This column first appeared in editions of The Times and The News-Star Sunday, September 8, 2018
I would rather eat 12 bowls of horse triggies than to drive 2,600 miles in 13 days in a motor home to visit the Grand Ole Opry, the Little League World Series, and Graceland.
But my dear friend Staff did, and he is happier than a kid with a candy cane.
Different strokes. It’s what makes the world go ’round.
It is hard to believe that it’s been 20 years since a group of us began our sweat-stained, eye-blacked, here’s-how-to-wear-a-cup journey as Little League Dads. This was before teenage car insurance and prom dates, back when your biggest problem was who you were going to bat sixth.
Staff is one of that crew, a member of our Girls’ Lunch Bunch that still attempts to get together regularly for eats or to watch a Super Bowl or something. (None of us ex-Little League Dads are girls but none of us are Real Men either so…Girls’ Lunch Bunch just seemed to fit a lot better than Men’s Lunch Bunch.)
Most of us served time on the Little League Board, but Staff ran extra laps. Even after his sons had outgrown Little League, he continued to serve on the board and was president I don’t know how many times, the FDR of Shreveport Little League. Mow a field. Umpire a game. Fill out All-Star paperwork. Staff was a five-tool administrator.
And of course at the ballparks he wore a hat that, in big block letters, read “STAFF.” Thus the nickname.
So his dream had always been to attend the Little League World Series in Williamsport, Penn. Talked about it for years. And years. And a couple of weeks ago, after the championship game, in a folding chair beside his motor home and in the shadow of the Williamsport, he called me to say the Eagle had landed.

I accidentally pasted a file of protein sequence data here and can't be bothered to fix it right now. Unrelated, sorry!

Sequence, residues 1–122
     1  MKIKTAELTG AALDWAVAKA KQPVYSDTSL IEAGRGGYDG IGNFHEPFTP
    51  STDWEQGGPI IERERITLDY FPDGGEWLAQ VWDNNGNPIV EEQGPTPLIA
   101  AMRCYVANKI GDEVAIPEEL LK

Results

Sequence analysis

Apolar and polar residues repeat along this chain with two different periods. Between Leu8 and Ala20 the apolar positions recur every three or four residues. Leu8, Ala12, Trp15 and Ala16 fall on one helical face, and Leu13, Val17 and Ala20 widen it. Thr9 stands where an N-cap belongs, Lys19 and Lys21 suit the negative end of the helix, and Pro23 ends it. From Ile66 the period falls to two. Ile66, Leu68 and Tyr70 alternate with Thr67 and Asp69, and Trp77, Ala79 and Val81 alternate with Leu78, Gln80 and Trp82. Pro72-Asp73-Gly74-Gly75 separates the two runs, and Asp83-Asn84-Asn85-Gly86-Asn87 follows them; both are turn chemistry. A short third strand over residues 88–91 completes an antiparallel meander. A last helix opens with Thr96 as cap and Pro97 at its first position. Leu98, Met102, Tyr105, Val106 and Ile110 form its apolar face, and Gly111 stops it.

“This is a trip,” he said, “that everyone should make.”
He saw five games in four days: a game Thursday, off-day Friday, the U.S. and International championships Saturday, then the consolation game and the Big Game Sunday.
“Sat on The Hill for two and in the stands for three,” he said.
“The Hill” is the ultimate outfield skybox. “Best seat in the house,” Staff said. It’s at least a 45-degree angle; many fans cut the back legs of their chairs down to nubs so they can sit level. Staff tried walking down it and almost rolled into left field. So to save his health and his marriage and his chairs, he and his wife Connie and sister-in-law Kathy sat on the level spot at the top of the hill.
“Everyone was so gracious,” he said. “And these players were treated like rock stars. If they don’t have a game, they’ll wear their hat and jersey. If two or three of them are walking together, people will come up to them and ask them for their autographs or get them to pose for pictures. It’s crazy. I was talking to this one guy and was about to tell him it was sort of weird to be asking kids for autographs, but right before I did, he took off his hat and showed me under his bill: no telling how many autographs he had on there.”
They’d visited the Grand Ole Opry on the way up, then drove north. “I saw a sign that said ‘New York City, 300 miles,’” Staff said. “I knew then I was a long way from home.”
Our trio accomplished their mission in Williamsport, then hit Philadelphia the next day. Bought a $5 pass and took a tour of maybe a dozen of 18 different spots that busses let you off and pick you up at. Got his picture taken with the Rocky statue. Saw where the Declaration of Independence was signed. Said the Liberty Bell was all it was cracked up to be.
Then they visited much-loved ones in Knoxville before spending two nights with Elvis in Memphis. They lucked out and just happened to hit Graceland on the day when Graceland personnel were moving the body. (Just funnin’! Too soon?)
After wrestling the motor home back into his Shreveport driveway, he climbed out a sore and tired but satisfied man, a guy who’d finally checked “Little League World Series” off his Bucket List.
“To see the stuff you’ve been looking at for 30 years on television…I thought it was great,” he said. “TV doesn’t do it justice. There’s nothing like the real thing.”